Douglass countered Stowe where she was most persuasive. Instead of the author’s muscular masculinity in the foreground of his criticisms, he places a dark-skinned and vulnerable woman, whom he has endowed with exceptional critical powers. In doing so, he grips the audience emotionally, which is evocative of Stowe’s style, while he refutes popular racial assumptions. That passage reflects a broader literary strategy in which Harriet Bailey’s literary attainment points beyond her relationship with her son. Meer contends that ‘the narrative shift from the 1845 autobiography was not wholeheartedly sentimental, nor did it only confirm Stowe’s domestic ideal…he negotiated the expectations of the white Northern readers who had bought Uncle Tom’s Cabin in such droves, but he also pointed to experiences and relationships for which the sentimental idiom could provide “no adequate expression”‘. Those experiences and relationships point to a larger slave community, which confounded the northern middle class domestic ideal, reflected in Stowe’s fiction, of a nuclear family.
Meer’s reading of Bondage and Freedom in that regard is also supported by evidence that Douglass may not have been merely fabricating a new literary persona for his mother. Harriet Lucretia Anthony, granddaughter of Aaron Anthony, Douglass’s first owner, annotated a copy of Bondage and Freedom, which survives. In the margin beside the passage above, Harriet Anthony wrote, ‘many of my father’s [i.e. Andrew Anthony’s] slaves could read. They were proud of the fact that they could read the bible‘. She was unimpressed with Douglass’s contention that his mother was literate. The claim bears investigation.
Among Douglass’s enslaved relatives on Maryland’s Eastern Shore, reading probably meant an aural understanding of the Bible. His early exposure to literacy may have been part of a family tradition. Neither Douglass nor Harriet Anthony elaborated on the context in which slaves read or whether there was a consensus among slaveholders on whether reading was a dangerous activity. Harriet Anthony’s understanding of the reading habits of slaves on her father’s estate emphasised one particular text. Bible-reading in the context of a slave community was probably different than Douglass’s encounters with Sophia Auld’s solitary Bible reading (Auld read aloud when her husband was absent). Douglass’s mother would probably have read the Bible as a communal exercise and may have been catechised before an antebellum generation saw how some black preachers like Nat Turner used biblical literacy for revolutionary ends. An extended kinship network centered on the Edward Lloyd plantation had grown up largely intact since the late seventeenth century, and the Bailey family had been on the Eastern Shore at least since the early eighteenth century. The fact that the Baileys were an established family may have resulted in reading practices that became intergenerational traditions or respect for literacy that reflected an enthusiasm for sacred texts. Scholars have speculated that Douglass may have had Muslim ancestors, which may account for patterns of literacy that survived the transition from Islamic texts to the Christian Bible—and the Middle Passage. Growing up in a family with aural literacy many generations deep may have even partially prepared Frederick Douglass for his speaking career.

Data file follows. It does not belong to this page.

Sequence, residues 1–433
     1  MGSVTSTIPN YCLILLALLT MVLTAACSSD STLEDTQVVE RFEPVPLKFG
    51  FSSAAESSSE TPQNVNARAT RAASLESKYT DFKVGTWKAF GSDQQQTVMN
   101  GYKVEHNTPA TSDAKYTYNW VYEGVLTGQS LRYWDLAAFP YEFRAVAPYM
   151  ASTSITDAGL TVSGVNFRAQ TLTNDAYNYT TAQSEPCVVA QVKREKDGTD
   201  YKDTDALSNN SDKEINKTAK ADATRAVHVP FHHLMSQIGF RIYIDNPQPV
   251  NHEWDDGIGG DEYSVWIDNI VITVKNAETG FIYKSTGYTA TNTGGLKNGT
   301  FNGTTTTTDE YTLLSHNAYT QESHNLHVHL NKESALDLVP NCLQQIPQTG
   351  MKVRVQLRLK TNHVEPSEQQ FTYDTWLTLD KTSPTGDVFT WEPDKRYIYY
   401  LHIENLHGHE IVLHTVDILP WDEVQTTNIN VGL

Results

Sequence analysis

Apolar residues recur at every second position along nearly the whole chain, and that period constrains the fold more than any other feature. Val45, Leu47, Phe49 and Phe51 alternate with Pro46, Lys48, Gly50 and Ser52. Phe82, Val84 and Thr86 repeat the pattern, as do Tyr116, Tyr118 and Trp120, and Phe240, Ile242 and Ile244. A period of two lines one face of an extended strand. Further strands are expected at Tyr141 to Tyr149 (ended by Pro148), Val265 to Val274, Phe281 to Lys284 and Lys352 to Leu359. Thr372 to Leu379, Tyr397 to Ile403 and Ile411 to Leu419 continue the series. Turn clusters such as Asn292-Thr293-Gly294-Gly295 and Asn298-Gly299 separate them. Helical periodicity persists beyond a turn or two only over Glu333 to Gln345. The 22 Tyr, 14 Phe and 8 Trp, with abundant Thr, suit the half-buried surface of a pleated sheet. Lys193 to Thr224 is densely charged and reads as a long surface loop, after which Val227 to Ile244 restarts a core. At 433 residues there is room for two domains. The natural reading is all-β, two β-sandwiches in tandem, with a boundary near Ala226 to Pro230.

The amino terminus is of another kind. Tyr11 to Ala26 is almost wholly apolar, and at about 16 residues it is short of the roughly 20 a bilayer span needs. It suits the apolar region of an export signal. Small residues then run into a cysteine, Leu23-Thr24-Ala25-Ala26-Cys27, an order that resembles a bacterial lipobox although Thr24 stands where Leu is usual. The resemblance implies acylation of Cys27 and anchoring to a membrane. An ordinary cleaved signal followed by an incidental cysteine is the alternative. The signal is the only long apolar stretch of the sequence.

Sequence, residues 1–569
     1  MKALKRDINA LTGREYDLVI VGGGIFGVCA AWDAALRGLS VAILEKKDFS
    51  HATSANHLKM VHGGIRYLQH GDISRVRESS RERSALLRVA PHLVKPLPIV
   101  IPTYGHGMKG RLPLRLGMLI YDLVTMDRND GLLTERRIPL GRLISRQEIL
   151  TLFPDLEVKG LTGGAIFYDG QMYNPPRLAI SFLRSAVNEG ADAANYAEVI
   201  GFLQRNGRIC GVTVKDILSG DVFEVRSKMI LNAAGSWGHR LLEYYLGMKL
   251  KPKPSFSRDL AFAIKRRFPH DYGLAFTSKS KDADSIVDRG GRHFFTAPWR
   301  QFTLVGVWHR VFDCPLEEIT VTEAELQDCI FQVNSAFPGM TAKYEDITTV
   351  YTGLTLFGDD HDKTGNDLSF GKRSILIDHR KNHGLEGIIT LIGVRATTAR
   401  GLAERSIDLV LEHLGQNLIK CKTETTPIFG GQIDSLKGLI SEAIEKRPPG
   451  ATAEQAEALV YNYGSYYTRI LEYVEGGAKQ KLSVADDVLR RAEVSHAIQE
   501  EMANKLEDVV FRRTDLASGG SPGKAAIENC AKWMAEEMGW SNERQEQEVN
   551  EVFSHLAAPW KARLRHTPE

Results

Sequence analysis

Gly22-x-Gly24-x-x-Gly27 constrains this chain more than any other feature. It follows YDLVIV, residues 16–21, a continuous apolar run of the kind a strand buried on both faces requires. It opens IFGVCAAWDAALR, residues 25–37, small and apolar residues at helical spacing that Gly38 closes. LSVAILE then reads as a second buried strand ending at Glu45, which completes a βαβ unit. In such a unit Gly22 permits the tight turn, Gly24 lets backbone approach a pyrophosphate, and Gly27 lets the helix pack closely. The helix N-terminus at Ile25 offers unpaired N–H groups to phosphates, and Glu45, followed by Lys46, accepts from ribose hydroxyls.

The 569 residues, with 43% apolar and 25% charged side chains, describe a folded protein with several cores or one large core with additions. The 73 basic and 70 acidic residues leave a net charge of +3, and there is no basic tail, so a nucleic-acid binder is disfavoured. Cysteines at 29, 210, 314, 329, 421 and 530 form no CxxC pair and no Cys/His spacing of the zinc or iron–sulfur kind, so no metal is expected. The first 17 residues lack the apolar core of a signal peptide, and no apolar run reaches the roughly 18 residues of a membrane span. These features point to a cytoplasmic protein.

Douglass worked himself out of the double-bind of being cast as a prototypical ‘tragic mulatto’ by recasting his African-descended mother as his true literary benefactor. That answer to critics who attributed his intelligence and eloquence to white paternity complemented his denunciations of scientific racism from reason, history, and ‘ethnology’. In the 1850s, confronting racial categories grew more urgent since both popular fiction and new science reinforced and expanded categories imputing inherent inferiorities to blacks. Stowe’s influential style, and the ideas to which it gave expression, raised the stakes for Douglass’s legitimacy. Douglass’s literary refutation was hardly overwhelming, but the memory of his mother and her community evoked the deeper family and kinship ties that he had left behind and the aural literacy that his ancestors shared. Confronted with doubts about his authenticity and then suspicions of the ancestral sources of his denunciations of slavery and imputed African inferiority, Douglass used his autobiographical writings as an enduring form of refutation, taking the idiom of sentimental imagery that had been used so effectively to cement prejudice and replacing an anonymous white father with his articulate black mother.